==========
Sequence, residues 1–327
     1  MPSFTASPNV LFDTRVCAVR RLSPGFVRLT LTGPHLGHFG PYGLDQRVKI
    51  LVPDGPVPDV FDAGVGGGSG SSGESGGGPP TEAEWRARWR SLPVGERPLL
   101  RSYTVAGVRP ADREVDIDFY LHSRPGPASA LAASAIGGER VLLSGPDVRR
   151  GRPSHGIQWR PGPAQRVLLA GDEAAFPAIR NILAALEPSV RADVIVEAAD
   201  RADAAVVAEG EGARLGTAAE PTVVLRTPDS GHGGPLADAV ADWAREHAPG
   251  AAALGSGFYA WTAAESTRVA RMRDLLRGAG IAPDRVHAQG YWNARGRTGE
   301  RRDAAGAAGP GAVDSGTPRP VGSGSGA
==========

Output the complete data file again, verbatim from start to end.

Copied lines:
Sequence, residues 1–327
     1  MPSFTASPNV LFDTRVCAVR RLSPGFVRLT LTGPHLGHFG PYGLDQRVKI
    51  LVPDGPVPDV FDAGVGGGSG SSGESGGGPP TEAEWRARWR SLPVGERPLL
   101  RSYTVAGVRP ADREVDIDFY LHSRPGPASA LAASAIGGER VLLSGPDVRR
   151  GRPSHGIQWR PGPAQRVLLA GDEAAFPAIR NILAALEPSV RADVIVEAAD
   201  RADAAVVAEG EGARLGTAAE PTVVLRTPDS GHGGPLADAV ADWAREHAPG
   251  AAALGSGFYA WTAAESTRVA RMRDLLRGAG IAPDRVHAQG YWNARGRTGE
   301  RRDAAGAAGP GAVDSGTPRP VGSGSGA